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With The Jays collapsing this year, and the dangling of Roy Halladay on the trade block, it appears that JP Ricciardi’s days in Toronto could be numbered.  Hailed as one of Billy Beane’s golden boys, expectations were high in Toronto when he was hired following the 2001 campaign.  Since then, the Jays have had only once finished above third place in the American League East, and most fans consider his tenure a failure.  I am one of the few who disagree, but unfortunately did not really have any numbers to back myself up. 

I decided to undertake a small project to put some numbers behind my claim. As I was working through the data, I became unsure that I was going to be able to find a solution.  However, the end product gave me the results I wanted.  Given the financial resources relative to their division, the Toronto Blue Jays under JP Ricciardi were outperformed in terms of winning percentage compared to their division only by Billy Beane’s Oakland Athletics and depending on your point of view, Terry Ryan’s Minnesota Twins.  These are arguably the top two GM’s in baseball over this time frame, so I would say JP is in pretty good company.  Now to the data.

Ricciardi was hired following the 2001 season, so I plugged the records of every team in the American League from 2002-2008 into Excel.  I then tabulated each team’s winning percentage over this time period, as well as the winning percentage of the other team’s in the division.  For example, the “Division Winning Percentage” box for the Tampa Bay Rays would include the records of the Yankees, Red Sox, Blue Jays and Orioles, but NOT the Rays.  I then calculated how much each team had spent on payroll (information from Cot’s MLB Contracts), and figured out what percentage of the division’s total payroll was spent by each team.  The results for the three AL divisions are as follows:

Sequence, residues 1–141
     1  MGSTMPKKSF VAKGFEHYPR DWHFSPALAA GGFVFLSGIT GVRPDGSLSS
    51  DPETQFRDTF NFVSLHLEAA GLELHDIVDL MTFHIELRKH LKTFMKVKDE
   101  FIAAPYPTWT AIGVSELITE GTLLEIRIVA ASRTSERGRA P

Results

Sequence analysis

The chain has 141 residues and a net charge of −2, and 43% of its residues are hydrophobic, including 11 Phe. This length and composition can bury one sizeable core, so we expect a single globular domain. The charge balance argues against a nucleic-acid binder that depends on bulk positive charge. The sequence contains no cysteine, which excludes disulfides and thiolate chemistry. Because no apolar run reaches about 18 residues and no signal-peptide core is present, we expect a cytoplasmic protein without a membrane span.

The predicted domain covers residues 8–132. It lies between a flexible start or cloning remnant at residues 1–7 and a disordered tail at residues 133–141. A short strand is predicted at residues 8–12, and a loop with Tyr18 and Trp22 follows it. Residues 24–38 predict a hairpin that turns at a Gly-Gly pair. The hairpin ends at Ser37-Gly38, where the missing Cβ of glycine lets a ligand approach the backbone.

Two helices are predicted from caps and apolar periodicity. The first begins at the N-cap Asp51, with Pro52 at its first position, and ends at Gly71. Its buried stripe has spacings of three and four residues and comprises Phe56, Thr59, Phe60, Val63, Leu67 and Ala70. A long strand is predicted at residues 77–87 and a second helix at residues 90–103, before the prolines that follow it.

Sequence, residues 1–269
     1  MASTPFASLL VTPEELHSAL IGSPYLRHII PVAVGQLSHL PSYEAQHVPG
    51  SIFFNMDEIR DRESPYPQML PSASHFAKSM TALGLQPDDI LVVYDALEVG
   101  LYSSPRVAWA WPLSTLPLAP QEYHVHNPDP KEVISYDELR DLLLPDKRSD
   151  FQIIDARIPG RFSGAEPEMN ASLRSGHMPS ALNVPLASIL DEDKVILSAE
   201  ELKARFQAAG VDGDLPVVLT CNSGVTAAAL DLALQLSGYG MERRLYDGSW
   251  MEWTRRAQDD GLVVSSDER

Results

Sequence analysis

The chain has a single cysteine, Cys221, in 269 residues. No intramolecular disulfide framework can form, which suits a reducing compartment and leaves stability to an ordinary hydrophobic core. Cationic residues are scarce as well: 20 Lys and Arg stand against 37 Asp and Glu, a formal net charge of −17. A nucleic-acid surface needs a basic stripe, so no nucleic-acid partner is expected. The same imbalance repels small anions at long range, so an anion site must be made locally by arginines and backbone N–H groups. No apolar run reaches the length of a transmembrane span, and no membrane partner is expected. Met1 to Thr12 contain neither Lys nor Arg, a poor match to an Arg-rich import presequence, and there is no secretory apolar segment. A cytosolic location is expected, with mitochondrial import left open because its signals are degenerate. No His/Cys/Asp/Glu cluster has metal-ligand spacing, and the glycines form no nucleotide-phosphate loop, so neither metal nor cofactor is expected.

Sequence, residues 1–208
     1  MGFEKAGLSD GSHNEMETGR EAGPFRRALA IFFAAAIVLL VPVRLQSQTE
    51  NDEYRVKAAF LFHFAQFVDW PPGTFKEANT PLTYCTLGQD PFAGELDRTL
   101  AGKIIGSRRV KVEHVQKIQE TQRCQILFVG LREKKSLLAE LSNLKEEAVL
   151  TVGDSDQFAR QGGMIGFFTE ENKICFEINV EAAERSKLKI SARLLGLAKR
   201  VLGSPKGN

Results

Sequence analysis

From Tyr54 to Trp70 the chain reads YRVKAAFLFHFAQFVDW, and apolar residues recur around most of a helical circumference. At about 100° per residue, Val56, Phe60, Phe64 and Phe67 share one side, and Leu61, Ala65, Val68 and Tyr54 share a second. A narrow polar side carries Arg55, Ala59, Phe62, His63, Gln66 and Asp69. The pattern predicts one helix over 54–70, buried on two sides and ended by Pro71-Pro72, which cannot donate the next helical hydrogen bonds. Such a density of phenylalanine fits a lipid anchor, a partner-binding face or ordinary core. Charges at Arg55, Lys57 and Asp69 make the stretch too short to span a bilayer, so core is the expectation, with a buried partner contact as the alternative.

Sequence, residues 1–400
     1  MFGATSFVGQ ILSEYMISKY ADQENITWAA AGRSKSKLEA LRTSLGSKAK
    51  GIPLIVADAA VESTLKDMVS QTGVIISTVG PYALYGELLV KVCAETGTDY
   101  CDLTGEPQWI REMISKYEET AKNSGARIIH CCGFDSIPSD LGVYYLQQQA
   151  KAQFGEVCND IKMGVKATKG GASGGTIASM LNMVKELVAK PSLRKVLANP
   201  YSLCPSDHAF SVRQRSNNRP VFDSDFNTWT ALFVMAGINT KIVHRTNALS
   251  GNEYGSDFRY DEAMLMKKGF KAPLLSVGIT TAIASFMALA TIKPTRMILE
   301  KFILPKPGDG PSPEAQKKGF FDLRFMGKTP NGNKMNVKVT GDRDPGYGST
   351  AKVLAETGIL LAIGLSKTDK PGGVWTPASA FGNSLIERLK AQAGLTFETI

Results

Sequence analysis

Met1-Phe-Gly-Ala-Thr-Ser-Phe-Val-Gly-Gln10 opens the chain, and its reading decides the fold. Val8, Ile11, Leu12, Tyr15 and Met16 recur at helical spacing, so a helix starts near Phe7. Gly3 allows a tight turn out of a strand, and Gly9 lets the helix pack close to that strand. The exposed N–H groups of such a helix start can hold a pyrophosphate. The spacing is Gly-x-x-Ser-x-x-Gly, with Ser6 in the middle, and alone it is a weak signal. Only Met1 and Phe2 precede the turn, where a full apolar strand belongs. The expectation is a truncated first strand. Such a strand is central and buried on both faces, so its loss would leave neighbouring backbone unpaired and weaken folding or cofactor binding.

AL East

 AL Central

AL West

 *Because the AL West only has four teams, I added a hypothetical fifth team that has a payroll that is the average of the other four teams.  This helps make the Percentage of Payroll constant across all divisions.

The numbers are not perfect, and could be refined further, but I think the general point I am trying to make is apparent.  Given his financial resources, JP Ricciardi did very well with the Jays.  He achieved a winning percentage only .010 lower than the rest of the division, while playing in the toughest division in baseball with the two best teams in the league.  You might be saying, well that is not very good, he was below average.  However, if you take a closer look, he did this while spending only 14.39% of his division’s total payroll.  The only other teams to spend similar or less were Baltimore (.087 lower winning % than division), Tampa Bay (.107 lower), Kansas City (.095 lower) and Oakland (.039 higher).  Among these teams, only Oakland was better.  With regards to Minnesota, they did spend 3.5% more than Toronto, but I would argue the .088 boost in winning percentage relative to the division is greater than the financial surplus.   

The two big failures were Detroit and Seattle.  Detroit spent 24.10% of their division’s payroll to be .058 below the rest of their division, while Seattle spent 23.18% to be .053 worse. 

So there you have it.  In my opinion, the JP Ricciardi era in Toronto has not been a failure, and he has actually done very well.  Other than a brutal 2004 season, the Jays have remained extremely competitive with the Red Sox and the Yankees despite financial limitations.  A lot of this depends on how you label success.  Some would argue that Tampa Bay has done a better job because they won a division title and a pennant with even smaller resources than Toronto.  To that I would say, “oh really, how did you enjoy the six 90+ loss seasons prior to 2008?”  I do not think success can be attributed to one good year, so overall, I think the top three general managers in the American League from 2002-2008 were Billy Beane, Terry Ryan and JP Ricciardi.